What is behind the global stock market rally?
By Andre Damon
September 29, 2012
Despite a string of disastrous economic figures, stock markets throughout the world are surging.
In the past year, the US Dow Jones Industrial Average and the British FTSE 250 have each risen by 20 percent, while the German DAX has shot up by 39 percent. The NASDAQ, consisting mainly of US-based technology companies, has already eclipsed its previous record, set in November 2007, while the Dow is within 600 points of its previous high.
The continued rise on stock exchanges comes as manufacturing activity in Europe, China and the United States slumps to its lowest level in three years. The European economy as a whole is contracting. In the latest raft of dire economic data, released Thursday, US durable goods orders recorded their sharpest fall since 2009. US economic growth for the second quarter was revised downward from an already anemic 1.7 percent to 1.3 percent.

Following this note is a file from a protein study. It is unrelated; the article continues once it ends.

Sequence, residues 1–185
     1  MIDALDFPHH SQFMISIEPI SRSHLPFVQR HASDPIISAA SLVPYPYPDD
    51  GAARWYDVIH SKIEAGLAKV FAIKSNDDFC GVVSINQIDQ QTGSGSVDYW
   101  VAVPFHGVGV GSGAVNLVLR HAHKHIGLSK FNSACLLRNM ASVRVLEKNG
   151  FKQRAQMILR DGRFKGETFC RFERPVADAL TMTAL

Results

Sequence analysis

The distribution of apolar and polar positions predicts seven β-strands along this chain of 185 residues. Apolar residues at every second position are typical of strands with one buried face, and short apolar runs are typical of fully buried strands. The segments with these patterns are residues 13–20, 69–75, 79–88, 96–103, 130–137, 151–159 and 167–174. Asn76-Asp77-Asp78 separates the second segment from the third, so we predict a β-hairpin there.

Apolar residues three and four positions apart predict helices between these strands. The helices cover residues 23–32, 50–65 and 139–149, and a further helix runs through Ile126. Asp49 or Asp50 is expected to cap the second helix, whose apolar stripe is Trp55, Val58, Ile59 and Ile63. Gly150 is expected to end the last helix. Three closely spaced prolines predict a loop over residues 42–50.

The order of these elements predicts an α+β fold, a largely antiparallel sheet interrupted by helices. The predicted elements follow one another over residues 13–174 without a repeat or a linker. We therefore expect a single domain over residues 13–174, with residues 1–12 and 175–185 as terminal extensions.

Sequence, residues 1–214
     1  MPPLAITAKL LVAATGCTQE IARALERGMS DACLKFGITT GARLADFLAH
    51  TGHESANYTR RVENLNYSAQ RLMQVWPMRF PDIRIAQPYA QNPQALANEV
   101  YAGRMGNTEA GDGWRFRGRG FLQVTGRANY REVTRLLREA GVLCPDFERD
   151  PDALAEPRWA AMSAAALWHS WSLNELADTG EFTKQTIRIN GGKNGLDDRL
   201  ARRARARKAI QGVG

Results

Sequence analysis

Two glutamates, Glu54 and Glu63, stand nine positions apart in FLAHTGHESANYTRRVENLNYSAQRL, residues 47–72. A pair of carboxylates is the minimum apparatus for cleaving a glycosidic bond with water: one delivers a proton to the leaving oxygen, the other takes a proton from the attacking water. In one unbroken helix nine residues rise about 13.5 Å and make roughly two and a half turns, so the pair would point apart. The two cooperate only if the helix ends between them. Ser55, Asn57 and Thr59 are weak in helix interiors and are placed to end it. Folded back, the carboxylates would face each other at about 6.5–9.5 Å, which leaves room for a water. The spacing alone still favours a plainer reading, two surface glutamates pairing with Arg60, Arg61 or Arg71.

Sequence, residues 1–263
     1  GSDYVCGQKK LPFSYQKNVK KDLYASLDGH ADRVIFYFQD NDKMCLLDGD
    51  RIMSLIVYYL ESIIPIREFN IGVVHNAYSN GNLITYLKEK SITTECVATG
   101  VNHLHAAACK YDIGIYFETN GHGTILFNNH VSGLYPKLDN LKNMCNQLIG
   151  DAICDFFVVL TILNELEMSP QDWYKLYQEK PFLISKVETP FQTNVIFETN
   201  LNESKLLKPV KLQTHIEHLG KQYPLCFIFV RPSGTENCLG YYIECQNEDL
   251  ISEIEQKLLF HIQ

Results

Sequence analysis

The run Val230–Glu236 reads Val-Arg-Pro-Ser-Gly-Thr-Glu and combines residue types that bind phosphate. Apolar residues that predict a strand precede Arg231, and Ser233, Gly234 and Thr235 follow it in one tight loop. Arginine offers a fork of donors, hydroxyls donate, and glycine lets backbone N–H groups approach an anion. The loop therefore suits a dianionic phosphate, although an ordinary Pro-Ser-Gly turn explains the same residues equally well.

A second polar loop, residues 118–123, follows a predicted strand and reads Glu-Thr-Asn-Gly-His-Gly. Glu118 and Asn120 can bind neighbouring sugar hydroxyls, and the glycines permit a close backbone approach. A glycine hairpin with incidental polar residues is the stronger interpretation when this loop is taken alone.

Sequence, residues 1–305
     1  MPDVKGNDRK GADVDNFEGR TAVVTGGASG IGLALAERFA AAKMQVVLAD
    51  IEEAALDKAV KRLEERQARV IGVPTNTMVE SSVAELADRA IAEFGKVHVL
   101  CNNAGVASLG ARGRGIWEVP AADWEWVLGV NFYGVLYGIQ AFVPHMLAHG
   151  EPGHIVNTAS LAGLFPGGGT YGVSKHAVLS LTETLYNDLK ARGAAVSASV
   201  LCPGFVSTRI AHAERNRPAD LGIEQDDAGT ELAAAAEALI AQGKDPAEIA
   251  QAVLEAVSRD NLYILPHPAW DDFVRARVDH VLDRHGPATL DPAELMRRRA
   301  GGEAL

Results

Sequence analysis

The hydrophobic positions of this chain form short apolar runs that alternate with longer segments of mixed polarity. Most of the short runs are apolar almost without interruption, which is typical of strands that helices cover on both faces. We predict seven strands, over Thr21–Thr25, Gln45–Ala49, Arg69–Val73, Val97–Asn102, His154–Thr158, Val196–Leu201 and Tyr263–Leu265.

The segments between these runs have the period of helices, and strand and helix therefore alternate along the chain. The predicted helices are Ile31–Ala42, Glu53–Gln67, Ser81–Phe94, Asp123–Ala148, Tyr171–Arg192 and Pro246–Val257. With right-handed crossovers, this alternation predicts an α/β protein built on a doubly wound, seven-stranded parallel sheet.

How is one to explain the meteoric rise in stock values even as the global economy is sliding into a deeper slump?
The boom in stock prices is an expression of a global redistribution of wealth from the bottom to the top. The social conditions of the working class have been driven relentlessly downwards, while trillions of dollars have been turned over to the banks, mainly for the purpose of financial speculation.
This process is particularly evident in the United States, the center of world capitalism and the center of the global economic crisis.CONTINUE: [link to www.globalresearch.ca]